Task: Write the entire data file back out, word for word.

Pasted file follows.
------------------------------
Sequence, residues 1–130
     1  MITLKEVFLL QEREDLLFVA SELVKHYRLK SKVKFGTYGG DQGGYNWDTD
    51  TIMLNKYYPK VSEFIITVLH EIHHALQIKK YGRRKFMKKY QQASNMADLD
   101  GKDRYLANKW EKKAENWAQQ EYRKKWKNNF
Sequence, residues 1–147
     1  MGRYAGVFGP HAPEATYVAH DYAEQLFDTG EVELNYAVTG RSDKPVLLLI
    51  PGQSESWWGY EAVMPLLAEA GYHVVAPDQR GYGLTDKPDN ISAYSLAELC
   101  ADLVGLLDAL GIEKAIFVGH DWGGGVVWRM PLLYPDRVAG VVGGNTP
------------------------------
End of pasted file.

Sequence, residues 1–130
     1  MITLKEVFLL QEREDLLFVA SELVKHYRLK SKVKFGTYGG DQGGYNWDTD
    51  TIMLNKYYPK VSEFIITVLH EIHHALQIKK YGRRKFMKKY QQASNMADLD
   101  GKDRYLANKW EKKAENWAQQ EYRKKWKNNF
Sequence, residues 1–147
     1  MGRYAGVFGP HAPEATYVAH DYAEQLFDTG EVELNYAVTG RSDKPVLLLI
    51  PGQSESWWGY EAVMPLLAEA GYHVVAPDQR GYGLTDKPDN ISAYSLAELC
   101  ADLVGLLDAL GIEKAIFVGH DWGGGVVWRM PLLYPDRVAG VVGGNTP